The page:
Dave himself, is entirely unaware of the import his mundane actions might have to a such a deranged bunch of individuals and goes about his daily life blissfully ignorant of the powerful influence he wields. He is not a famous person where he lives. His life is entirely uninteresting. Even amongst nondescript denizens of the world, his ranking is, at best, very, very average. He does nothing exciting, and in fact will do nothing exciting his entire life.

Basically, we have already spent more time in describing Dave that he should ever warrant. We don’t need to know what he does or where he lives – both facts are immaterial to this story and would only serve to increase the sense of ennui that Dave engenders in his peers, neighbours, friends and workmates.

To Davotees however, he is a god, an infallible oracle, an all-seeing prophet – a divine being. During Dave’s brief materialisations, Davotees will hang on to his every word, his every move, his every expression, his every sneeze, or cough, or fart.

There have been a series of official pronouncements from the Davotees – and these are being collected in a tome they refer to as The Book of Dave. Such pronouncements include: “thou must always put your right sock on first”, “thou must never unbutton your shirt completely before removing it” and most controversially “thou must addest the milk after the tea”. Two Davotees had to be forcibly detained after a fight broke out over that one.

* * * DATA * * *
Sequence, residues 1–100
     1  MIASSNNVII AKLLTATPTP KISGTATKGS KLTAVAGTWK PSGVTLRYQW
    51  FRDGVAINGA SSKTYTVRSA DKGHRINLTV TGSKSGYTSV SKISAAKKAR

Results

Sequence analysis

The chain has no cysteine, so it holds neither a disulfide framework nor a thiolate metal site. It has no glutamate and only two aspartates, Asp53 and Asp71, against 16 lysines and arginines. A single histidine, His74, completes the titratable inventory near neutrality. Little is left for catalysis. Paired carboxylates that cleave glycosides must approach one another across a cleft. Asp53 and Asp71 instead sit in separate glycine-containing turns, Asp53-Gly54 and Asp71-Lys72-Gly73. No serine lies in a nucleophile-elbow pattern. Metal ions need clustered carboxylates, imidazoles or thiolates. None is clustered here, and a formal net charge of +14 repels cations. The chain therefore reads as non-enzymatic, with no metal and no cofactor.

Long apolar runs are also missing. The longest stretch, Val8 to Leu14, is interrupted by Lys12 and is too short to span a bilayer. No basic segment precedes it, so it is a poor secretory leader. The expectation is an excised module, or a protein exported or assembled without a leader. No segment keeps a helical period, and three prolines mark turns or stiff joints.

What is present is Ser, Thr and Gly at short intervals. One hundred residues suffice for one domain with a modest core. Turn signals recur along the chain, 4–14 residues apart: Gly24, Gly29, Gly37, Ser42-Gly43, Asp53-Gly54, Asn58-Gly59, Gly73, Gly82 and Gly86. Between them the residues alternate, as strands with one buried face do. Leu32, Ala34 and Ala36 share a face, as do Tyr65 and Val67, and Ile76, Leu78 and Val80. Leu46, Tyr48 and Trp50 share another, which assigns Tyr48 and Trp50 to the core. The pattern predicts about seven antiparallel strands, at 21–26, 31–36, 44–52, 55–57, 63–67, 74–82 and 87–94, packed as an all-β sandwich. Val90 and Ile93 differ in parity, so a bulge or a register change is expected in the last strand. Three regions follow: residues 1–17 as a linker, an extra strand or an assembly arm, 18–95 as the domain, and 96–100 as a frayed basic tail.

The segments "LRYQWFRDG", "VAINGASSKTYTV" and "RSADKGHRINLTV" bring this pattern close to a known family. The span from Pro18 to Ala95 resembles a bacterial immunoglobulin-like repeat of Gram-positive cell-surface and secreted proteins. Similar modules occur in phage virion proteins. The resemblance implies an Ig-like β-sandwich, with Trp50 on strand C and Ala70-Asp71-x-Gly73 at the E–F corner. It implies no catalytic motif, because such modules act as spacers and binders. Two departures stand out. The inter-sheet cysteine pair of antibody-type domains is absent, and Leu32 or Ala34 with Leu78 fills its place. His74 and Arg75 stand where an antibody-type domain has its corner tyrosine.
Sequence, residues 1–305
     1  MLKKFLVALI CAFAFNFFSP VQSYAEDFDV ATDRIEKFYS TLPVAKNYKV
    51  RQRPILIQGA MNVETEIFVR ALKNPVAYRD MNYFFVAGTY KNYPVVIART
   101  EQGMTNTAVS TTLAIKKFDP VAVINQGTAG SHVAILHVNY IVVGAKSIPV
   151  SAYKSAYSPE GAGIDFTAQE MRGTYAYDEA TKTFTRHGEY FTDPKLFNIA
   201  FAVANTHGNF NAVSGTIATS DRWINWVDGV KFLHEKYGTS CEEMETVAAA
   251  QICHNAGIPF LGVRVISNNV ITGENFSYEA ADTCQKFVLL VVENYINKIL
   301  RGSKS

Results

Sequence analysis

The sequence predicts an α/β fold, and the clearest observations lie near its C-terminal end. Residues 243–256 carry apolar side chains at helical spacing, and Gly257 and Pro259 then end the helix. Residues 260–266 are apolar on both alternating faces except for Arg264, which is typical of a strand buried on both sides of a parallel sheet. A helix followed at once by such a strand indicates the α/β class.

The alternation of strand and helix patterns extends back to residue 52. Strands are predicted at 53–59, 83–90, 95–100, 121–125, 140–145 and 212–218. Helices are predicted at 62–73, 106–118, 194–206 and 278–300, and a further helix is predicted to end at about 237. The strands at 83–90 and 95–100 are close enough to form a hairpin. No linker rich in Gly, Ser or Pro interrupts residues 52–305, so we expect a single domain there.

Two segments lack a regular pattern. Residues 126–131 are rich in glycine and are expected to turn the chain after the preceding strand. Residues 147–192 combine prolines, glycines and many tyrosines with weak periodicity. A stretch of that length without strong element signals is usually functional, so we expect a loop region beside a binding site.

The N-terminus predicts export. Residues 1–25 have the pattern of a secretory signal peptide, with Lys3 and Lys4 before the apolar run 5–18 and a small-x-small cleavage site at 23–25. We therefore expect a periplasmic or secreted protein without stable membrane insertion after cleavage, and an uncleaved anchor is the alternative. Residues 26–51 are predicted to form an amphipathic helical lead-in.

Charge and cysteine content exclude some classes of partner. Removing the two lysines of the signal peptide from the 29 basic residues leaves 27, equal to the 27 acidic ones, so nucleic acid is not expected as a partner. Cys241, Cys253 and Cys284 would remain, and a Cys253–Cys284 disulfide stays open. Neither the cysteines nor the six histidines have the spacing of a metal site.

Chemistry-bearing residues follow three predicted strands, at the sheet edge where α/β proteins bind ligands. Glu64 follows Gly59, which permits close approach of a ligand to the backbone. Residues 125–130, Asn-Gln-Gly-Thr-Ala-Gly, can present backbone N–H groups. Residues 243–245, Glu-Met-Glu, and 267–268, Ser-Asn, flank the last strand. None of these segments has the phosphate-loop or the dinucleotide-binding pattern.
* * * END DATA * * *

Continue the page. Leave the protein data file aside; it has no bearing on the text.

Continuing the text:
As well as the debates, there is a week of official mourning for Dave’s passing after the manifestation ends. During this period, Davotees only wear strictly black and only eat black food. And as this will follow the Davewatch period of fasting, they are all generally in a black mood.

Whilst they are interesting to observe from an ethnological point of view, Davotees really have very little impact on the island, with most others tending to ignore “those nutters”. Generally, the most interesting thing about the whole affair is the physics behind the phenomenon. But as we stated earlier, there are very few people on the island with sufficient knowledge to investigate. Whilst here at the Hopeless, Maine Scientific Society, we have neither the time nor the resources to investigate what is, after all, a relatively harmless phenomenon.

Now The Arrival of Pete, on the other hand…


By Keith Errington

2B-loop had been given a very important mission. His first proper mission! And it was off world! He was very excited and honoured to be given this task. His supervisor, 1A-doop, had said it was vital work! So vital, in fact, none of the other protoinvestigators could be spared to do it. Only he, 2B-loop the student, was suitable for the task.

He went over the mission in his head one more time: land, observe, collect material, record data, and leave. Although it was simple, 1A-doop had stressed that it was vitally important work and also that he might face some trivial difficulties on the way.

As 2B-loop headed towards his circular spacecraft, his chest (or equivalent) puffed with pride. He beeped and chirped to himself. His first mission!